The President of the United States of America takes pleasure in presenting the Distinguished Service Cross to Lieutenant Colonel (Field Artillery) William Orlando Darby (ASN: 0-19133), United States Army, for extraordinary heroism in connection with military operations against an armed enemy while Commanding the 1st Ranger Infantry Battalion, in action against enemy forces for the five days from 21 to 25 March 1943. Leading his command, the 1st Ranger Battalion, over ten miles, almost all on mountain ranges during the night 20 - 21 March 1943, Lieutenant Colonel Darby took with his force with complete surprise at dawn, a strongly fortified enemy position. Always conspicuously at the head of his troops, Lieutenant Colonel Darby personally led the assaults against the enemy in the face of machine gun and artillery fire, establishing the front by his skillful employment of hand grenades and close quarter fire. The success of this attack was largely due to the outstanding heroism of Lieutenant Colonel Darby, who, with complete disregard to his own safety, led the assault. On 22 March, again leading his Ranger Battalion in the face of enemy artillery fire, Lieutenant Colonel Darby bravely directed his battalion in an advance on the Bou Hamra, capturing prisoners and destroying a battery of self-propelled artillery. During the two succeeding days, while the Ranger Battalion was in a defensive position, Darby again initiated the dogged resistance of his troops by circulating freely among his men in the face of the enemy artillery, mortar and machine gun fire, to establish positions and to encourage his troops and direct their fire. On the night of 25 March after five days of uninterrupted fighting, while employing his Rangers in a successful full rear guard activity, Darby again displayed extraordinary heroism by remaining at the head of his covering force and directing the movement of his Rangers in the face of machine gun and artillery fire. The selfless courage displayed by Lieutenant Colonel Darby inspired his command to exceedingly greater efforts and proved an immeasurable important factor in the ultimate successes in the sector.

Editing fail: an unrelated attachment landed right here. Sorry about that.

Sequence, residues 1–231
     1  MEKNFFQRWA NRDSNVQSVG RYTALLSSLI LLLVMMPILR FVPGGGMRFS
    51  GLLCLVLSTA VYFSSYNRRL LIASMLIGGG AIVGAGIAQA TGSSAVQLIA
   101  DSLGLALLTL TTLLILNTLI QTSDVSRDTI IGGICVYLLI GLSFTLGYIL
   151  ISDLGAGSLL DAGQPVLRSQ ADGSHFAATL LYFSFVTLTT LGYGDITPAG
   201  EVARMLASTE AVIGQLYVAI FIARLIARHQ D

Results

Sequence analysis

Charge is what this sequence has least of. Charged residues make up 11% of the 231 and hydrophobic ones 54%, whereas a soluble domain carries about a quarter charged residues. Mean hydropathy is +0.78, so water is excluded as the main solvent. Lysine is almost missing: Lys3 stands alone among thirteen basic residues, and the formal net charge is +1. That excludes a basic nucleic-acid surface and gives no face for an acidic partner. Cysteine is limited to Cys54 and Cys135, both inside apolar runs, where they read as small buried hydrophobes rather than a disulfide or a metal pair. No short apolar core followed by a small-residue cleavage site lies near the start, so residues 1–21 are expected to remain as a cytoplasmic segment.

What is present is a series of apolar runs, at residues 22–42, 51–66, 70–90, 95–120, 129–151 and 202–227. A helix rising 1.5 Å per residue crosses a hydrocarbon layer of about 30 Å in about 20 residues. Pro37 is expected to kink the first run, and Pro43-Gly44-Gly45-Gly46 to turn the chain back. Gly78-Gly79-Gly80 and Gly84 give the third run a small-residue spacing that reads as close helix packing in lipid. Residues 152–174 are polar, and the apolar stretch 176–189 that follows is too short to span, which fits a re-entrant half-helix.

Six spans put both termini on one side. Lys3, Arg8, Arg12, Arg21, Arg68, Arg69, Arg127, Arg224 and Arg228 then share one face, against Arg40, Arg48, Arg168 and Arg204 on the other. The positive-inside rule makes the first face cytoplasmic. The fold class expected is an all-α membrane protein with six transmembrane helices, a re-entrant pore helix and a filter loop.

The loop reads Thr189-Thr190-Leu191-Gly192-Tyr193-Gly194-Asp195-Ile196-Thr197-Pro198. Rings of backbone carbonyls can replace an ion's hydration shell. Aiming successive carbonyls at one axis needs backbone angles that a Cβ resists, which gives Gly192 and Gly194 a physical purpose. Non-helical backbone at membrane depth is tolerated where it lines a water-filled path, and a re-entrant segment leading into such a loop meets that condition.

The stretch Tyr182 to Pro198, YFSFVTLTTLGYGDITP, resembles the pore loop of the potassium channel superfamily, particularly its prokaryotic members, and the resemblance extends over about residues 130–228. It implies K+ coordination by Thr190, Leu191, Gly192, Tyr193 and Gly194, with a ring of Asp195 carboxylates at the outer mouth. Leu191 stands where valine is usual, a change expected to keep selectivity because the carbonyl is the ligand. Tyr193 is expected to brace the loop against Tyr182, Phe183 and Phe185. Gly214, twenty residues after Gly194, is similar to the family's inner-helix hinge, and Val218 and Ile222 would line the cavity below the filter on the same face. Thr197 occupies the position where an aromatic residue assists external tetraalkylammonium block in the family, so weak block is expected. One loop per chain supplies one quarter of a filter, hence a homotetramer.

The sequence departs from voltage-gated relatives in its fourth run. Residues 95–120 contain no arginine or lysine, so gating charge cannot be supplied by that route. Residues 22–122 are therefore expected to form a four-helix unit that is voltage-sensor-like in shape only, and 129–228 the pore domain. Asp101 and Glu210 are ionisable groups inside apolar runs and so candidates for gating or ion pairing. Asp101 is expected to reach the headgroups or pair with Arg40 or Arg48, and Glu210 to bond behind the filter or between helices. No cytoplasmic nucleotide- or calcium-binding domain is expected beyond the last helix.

"Darby took part in the Allied invasion of Italy in September 1943 and was promoted to full Colonel on December 11. He commanded the 179th Infantry Regiment, part of the 45th "Thunderbirds" Infantry Division during the Rome-Arno and Anzio campaigns in the Italian Campaign from February 18 to April 2, 1944.'
'On 23 April 1945, Brigadier General Robinson E. Duff, Assistant Division Commander of the 10th Mountain Division, was wounded; Darby took over for Duff. "Task Force Darby" spearheaded the breakout of the Fifth United States Army from the Po River valley bridgehead during the Spring 1945 offensive in Italy and reached Torbole at the head of Lake Garda.'
'On 30 April 1945, while Darby was issuing orders for the attack on Trento to cut off a German retreat, an artillery shell burst in the middle of the assembled officers and NCOs, killing Darby and a Sgt Major, John "Tim" Evans, and wounding several others. "Task Force Darby" continued with their mission. Two days later, on 2 May 1945, all German forces in Italy surrendered." (army.mil)
William Darby was posthumously promoted to Brigadier General on May 15th, 1945. In addition to being inducted in the Rangers Hall of Fame, Camp Darby, near Fort Benning, which is home to the first phase of Ranger School, was named in his honor. The movie "Darby's Rangers" chronicalizes his World War II career.
William Darby was 34 years old at the time of his death. Lest We Forget.
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“Your heart was warm and happy
With the lilt of Irish laughter
Every day and in every way
Now forever and ever after."